Weeds can be especially troublesome in greenhouses. They starve plants of nutrients, water and light. They also protect insects, mites, rodents and other pests.
"Not only are weeds a problem in and of themselves ... (but) many greenhouse weeds harbor other pests, including white fly, and may be an alternate host for important viral diseases," said Joe Neal, a professor of weed science and department Extension leader at North Carolina State University.
And if your greenhouse crops are to be potted outdoors later, "then the weeds tag along," he said.
So what's a greenhouse grower to do?
"When it comes to weed prevention in greenhouses, a good place to start is at the greenhouse door," said Lee Stivers, an Extension educator with Penn State University.
"Anything or any being going through the door is a potential carrier of weeds and weed seeds – incoming potted plants, potting soil, muddy work boots, tools and equipment, dogs and even wind," Stivers said. "Vigilance at the doorway will go a long way toward preventing weeds from becoming established in the greenhouse."
Controlling weeds outside around the perimeter of the greenhouse means fewer weeds sneaking in through the door, she said.
"Similarly, you could put screening up on any ventilation fans to keep seeds from blowing in," she said.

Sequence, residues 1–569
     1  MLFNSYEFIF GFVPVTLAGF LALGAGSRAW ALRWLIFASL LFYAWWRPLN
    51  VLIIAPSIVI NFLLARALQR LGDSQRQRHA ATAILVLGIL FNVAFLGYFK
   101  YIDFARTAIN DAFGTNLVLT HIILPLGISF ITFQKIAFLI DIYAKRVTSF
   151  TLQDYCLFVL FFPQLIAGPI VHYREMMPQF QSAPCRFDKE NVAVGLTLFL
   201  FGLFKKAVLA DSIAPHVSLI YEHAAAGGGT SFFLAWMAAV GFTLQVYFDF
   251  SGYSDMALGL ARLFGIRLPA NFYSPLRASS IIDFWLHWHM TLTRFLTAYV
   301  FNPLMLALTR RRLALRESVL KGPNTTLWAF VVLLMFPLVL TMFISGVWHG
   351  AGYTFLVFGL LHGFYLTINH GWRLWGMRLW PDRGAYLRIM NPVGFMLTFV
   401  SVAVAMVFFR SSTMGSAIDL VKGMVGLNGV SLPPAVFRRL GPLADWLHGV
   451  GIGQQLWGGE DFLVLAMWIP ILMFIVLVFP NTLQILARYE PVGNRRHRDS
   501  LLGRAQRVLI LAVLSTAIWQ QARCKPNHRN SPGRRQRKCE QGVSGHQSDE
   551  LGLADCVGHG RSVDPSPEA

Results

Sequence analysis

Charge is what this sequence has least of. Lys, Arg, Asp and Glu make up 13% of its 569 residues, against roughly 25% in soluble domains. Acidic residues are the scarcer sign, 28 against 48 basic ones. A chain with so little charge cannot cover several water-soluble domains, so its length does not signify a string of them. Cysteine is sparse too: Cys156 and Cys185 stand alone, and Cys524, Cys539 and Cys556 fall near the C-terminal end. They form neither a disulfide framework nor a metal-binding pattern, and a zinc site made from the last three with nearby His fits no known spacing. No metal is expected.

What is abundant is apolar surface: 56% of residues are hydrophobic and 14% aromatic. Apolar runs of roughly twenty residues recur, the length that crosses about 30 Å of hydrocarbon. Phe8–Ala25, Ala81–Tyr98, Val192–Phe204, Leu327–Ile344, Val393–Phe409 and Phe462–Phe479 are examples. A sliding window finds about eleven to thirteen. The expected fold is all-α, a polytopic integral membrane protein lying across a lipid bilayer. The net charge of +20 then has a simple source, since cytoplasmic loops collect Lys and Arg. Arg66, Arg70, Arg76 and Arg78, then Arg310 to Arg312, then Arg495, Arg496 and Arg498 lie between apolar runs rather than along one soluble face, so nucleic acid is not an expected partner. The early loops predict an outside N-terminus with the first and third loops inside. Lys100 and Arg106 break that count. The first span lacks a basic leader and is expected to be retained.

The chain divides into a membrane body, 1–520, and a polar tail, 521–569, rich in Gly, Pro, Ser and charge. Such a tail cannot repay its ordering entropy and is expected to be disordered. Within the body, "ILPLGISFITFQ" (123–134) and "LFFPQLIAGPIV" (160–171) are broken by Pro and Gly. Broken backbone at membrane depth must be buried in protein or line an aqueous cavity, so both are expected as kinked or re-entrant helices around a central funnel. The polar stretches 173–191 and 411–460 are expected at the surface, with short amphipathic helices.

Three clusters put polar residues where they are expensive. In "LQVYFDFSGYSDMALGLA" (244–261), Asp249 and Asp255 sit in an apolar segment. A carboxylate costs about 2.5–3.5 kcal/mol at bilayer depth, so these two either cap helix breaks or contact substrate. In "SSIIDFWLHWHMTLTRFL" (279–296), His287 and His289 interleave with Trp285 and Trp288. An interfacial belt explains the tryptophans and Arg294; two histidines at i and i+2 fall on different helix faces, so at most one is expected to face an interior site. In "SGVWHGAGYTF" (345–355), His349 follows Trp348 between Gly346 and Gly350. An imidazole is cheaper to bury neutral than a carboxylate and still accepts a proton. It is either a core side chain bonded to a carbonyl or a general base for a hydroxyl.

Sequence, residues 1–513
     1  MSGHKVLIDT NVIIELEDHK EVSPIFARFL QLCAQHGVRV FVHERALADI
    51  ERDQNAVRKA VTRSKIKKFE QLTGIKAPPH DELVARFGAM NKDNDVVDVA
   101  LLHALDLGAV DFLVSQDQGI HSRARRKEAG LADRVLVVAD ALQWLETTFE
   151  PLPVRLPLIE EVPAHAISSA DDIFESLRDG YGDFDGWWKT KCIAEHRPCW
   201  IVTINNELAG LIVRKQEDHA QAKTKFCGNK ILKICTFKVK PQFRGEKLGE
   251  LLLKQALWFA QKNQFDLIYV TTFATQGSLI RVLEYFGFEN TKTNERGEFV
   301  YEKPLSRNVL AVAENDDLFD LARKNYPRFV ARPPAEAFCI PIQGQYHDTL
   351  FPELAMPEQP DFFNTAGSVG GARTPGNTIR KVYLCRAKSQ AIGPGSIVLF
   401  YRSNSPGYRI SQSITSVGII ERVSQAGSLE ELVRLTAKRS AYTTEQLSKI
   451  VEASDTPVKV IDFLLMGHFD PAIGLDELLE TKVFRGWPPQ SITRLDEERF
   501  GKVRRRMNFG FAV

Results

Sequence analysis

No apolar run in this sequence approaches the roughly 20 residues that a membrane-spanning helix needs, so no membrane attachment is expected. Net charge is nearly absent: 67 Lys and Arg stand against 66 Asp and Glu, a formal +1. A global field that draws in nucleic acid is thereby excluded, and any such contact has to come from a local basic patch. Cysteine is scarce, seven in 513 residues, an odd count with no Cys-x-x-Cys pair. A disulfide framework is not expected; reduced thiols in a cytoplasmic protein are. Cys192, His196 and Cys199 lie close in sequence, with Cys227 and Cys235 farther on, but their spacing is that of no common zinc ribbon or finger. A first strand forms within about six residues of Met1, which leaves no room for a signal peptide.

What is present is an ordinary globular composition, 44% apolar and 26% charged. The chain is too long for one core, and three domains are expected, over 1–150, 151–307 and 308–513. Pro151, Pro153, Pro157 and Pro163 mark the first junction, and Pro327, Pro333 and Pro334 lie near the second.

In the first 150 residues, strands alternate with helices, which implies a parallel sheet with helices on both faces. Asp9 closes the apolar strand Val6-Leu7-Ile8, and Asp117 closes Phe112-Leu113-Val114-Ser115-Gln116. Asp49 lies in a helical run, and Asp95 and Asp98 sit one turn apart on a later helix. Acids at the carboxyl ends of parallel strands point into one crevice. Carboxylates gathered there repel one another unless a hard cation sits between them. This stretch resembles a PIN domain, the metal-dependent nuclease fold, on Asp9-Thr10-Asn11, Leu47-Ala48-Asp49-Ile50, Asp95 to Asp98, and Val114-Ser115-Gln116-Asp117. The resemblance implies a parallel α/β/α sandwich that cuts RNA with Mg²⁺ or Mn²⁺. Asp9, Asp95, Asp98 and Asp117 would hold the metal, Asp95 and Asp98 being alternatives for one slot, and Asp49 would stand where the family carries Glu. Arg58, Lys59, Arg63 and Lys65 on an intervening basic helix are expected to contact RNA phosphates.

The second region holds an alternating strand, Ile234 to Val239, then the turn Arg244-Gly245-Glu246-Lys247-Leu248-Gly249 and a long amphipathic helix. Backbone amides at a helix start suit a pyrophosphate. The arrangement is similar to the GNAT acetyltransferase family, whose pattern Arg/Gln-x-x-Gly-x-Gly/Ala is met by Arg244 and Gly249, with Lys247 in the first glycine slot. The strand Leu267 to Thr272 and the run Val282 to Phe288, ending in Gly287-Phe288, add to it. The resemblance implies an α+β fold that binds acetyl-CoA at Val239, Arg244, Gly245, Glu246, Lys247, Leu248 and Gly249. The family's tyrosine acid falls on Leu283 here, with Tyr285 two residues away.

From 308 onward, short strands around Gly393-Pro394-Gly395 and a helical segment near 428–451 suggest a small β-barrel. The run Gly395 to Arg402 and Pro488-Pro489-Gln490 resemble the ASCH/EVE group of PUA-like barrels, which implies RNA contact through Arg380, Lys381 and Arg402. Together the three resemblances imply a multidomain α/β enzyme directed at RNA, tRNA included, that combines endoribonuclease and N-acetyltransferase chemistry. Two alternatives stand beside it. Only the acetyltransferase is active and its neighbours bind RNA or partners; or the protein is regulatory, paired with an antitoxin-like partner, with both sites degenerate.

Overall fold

Weed management in greenhouses, hoop houses and other enclosed settings can involve prevention, sanitation, landscape cloth, herbicides and pulling by hand.
"Prevention and sanitation are key, but once weeds are in the greenhouse, you want to have an integrated approach to preventing their spread and reproduction," Neal said.
Some ways to go about it:
• Weeding. Spreading landscape cloth over greenhouse floors can be an effective deterrent, but it must be kept free of potting soil, Stivers said. "If there are just a few weeds growing on the greenhouse floor, they can easily be dispatched by hand-weeding or using a trowel or hoe," she said.
• Sanitation. "Adopt a zero tolerance for weeds in your greenhouse," Stivers said. "One weed plant can produce hundreds of seeds," and some, like hairy bittercress, "are quite crafty in how far they can make their seeds travel. Remove weeds from the greenhouse; don't just throw them in the trash can in the corner."
• Herbicides. Use chemicals carefully or not at all. "Most of the herbicides labeled for greenhouses require that the house be empty at the time of treatment," Neal said. "Tender, greenhouse-grown plants can be injured by small amounts of herbicide drift." Many common herbicides can volatilize or evaporate and spread as a vapor, Neal said. "Within a closed structure, these vapors can be trapped. The trapped vapors can injure crop plants that would otherwise not be injured by the same herbicide applied outdoors," he said.
• Grow organically, but use care. Products labeled "natural" or "naturally derived" aren't necessarily safe, Neal said. "Common natural products containing acetic acid (vinegar) and natural oils can cause severe eye irritation. So read the label carefully."
For more about managing greenhouse weeds, see this fact sheet from the University of Massachusetts Amherst: https://ag.umass.edu/greenhouse-floriculture/greenhouse-best-management-practices-bmp-manual/weed-management
You can contact Dean Fosdick at email@example.com